Doctors aren’t sure what causes it, but it could be that the icy temperature makes the blood vessels in your mouth shrink, which triggers pain signals to your brain.

It’s nothing to worry about and is usually gone in a minute or so. Prevention is simple: Eat very cold foods more slowly.

You hit your head

Headaches can start right away or months after an injury. They might be at the site of the blow or all over your skull and may get worse when you’re stressed.

The cause isn’t always clear, but sometimes too much blood builds up in one spot. This is called a haematoma. In serious cases, you may feel weak, confused, nauseous, and forgetful.

See your doctor if you have any of these symptoms or if you have a headache after hitting your head.

Ear Infection

Bacteria or a virus may infect the air-filled middle ear, where tiny bones vibrate to make the sounds you hear. It usually happens fast. Fluid buildup could cause ear and head pain along with drainage of liquid, blood, or pus.

If you notice any of these symptoms, call your doctor, who will want to watch the infection and can help you manage pain and swelling. Most cases get better without treatment in 1-2 weeks.

Too many pain relievers

Even common over-the-counter medications like aspirin, ibuprofen, and paracetamol may cause headaches if you use them more than 15 days a month. Prescription opioids or drugs with caffeine might do it in just 10 days.

People who get migraines are more likely to have this problem. Your doctor can help you change your meds and give you other strategies to make you feel better.

Headache “triggers”

Everyone is different, but foods that are more likely to cause a throbbing head include:

  • Aged cheese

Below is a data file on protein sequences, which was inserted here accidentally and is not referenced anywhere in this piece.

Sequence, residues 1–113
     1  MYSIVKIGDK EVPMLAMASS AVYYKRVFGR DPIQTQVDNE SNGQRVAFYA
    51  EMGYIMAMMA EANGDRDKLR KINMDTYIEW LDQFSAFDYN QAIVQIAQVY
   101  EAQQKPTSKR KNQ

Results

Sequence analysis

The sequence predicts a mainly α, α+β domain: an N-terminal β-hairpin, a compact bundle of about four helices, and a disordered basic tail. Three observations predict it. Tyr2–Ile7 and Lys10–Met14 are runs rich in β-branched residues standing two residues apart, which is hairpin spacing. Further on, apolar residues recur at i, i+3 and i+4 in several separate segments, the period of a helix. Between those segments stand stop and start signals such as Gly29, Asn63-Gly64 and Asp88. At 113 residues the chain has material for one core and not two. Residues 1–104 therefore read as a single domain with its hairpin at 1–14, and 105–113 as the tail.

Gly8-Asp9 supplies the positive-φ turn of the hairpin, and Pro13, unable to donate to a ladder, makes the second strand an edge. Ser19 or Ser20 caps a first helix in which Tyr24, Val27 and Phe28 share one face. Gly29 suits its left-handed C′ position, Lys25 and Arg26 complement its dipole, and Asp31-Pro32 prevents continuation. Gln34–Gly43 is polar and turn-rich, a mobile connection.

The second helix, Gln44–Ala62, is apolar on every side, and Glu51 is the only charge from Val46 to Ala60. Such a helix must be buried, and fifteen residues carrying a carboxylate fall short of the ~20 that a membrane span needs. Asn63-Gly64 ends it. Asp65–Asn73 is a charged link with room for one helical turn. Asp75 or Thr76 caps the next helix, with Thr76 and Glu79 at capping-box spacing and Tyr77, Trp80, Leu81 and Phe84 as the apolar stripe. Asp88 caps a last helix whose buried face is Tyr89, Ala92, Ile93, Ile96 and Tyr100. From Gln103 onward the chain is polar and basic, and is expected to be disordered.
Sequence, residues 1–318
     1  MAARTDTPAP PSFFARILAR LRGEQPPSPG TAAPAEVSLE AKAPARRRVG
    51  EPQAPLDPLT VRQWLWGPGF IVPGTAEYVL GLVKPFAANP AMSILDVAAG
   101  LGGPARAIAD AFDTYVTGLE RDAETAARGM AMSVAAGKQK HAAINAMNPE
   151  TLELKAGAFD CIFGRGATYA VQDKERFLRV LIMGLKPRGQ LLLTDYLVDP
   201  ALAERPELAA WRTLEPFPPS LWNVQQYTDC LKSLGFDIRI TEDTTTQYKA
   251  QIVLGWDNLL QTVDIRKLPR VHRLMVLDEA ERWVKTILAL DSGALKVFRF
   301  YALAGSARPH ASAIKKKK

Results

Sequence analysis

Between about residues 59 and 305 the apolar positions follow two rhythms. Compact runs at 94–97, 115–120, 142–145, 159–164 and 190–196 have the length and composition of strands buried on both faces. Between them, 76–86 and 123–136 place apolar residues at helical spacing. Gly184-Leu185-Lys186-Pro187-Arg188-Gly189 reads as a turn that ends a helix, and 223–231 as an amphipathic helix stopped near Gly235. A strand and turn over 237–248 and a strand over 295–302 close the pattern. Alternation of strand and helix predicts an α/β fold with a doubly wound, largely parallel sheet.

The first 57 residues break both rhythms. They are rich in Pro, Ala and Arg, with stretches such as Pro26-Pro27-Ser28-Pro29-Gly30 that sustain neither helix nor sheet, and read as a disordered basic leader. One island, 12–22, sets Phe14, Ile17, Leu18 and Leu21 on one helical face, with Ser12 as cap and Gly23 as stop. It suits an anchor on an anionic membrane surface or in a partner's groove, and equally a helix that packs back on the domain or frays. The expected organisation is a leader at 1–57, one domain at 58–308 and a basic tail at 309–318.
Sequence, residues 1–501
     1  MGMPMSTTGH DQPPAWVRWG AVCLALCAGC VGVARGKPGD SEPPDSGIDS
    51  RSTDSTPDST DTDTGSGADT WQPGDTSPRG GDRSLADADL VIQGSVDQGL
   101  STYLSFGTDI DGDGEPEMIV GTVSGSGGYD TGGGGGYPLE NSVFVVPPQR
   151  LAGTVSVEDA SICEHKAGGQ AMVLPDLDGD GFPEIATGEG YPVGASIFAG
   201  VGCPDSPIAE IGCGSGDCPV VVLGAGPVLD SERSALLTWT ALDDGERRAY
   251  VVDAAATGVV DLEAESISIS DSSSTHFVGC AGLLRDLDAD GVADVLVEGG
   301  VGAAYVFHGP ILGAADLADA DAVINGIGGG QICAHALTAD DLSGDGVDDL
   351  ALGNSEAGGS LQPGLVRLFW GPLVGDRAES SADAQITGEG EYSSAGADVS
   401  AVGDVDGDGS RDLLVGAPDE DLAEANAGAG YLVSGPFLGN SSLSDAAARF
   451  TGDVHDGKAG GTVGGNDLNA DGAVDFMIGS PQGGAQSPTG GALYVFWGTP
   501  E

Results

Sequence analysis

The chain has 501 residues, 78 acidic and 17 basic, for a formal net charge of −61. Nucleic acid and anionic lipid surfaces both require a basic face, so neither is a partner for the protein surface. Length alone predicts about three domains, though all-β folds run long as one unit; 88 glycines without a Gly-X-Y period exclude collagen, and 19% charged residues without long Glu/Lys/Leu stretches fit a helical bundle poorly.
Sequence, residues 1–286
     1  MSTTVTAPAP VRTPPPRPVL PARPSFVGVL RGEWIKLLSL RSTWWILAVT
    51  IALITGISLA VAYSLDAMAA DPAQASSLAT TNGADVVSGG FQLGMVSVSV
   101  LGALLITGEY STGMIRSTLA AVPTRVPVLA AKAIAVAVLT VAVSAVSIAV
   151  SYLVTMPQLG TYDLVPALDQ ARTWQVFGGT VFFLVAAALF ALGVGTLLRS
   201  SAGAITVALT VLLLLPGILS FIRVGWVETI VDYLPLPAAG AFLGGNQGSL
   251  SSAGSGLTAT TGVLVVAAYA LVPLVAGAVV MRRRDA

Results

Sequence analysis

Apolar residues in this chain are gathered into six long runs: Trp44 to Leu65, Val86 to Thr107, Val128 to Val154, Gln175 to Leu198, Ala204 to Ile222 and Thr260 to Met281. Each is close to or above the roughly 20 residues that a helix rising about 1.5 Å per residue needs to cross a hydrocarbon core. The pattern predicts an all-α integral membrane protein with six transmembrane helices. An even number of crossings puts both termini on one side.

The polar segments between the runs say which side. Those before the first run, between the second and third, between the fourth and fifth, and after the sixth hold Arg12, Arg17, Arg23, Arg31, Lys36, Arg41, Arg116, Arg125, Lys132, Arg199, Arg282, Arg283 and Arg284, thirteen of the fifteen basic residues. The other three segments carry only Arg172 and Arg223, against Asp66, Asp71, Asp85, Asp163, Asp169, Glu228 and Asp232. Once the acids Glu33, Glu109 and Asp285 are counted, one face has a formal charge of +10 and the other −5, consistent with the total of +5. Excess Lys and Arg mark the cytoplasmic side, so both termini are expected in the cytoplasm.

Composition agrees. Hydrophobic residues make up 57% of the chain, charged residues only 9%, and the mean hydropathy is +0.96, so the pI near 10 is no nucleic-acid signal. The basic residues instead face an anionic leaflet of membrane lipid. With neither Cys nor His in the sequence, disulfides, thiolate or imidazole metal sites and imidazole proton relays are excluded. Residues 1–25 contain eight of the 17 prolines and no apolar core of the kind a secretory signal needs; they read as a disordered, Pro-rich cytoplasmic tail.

• Some fruits and nuts
  • Alcohol
  • Foods with nitrates, like hot dogs, sausage, or bacon
  • Fermented or pickled foods like sauerkraut or relish
  • A flavoor enhancer called MSG

You can figure out your triggers if you track what and when you eat in a food journal and notice what leads to a headache.

A workout

You might hurt on both sides of your head while you exercise hard or after you’re done. Running, swimming, or weightlifting can bring it on.

It’s usually nothing to worry about, but it’s best to check with your doctor to be sure it’s not something serious. Get medical help right away if you also throw up, pass out, or have double vision.

Wrong pillow

It may give you a headache if it puts your body in the wrong posture all night. And if you toss and turn, the lack of sleep might also lead to a pounding head.

Look for a pillow that keeps your head and neck in line with the rest of your body, as if you are standing up. Talk to your doctor or a physical therapist if you can’t get comfortable.

When to call emergency services

In rare cases, a headache might be a sign of something more serious. It could be a condition that develops slowly, such as a brain tumor. Or it could be a medical emergency, like a stroke.

Call if the pain is sudden and severe or you notice any of these symptoms along with it:

  • Numbness or weakness on one side of your face or body
  • Garbled speech or confusion
  • Trouble seeing
  • Dizziness, loss of balance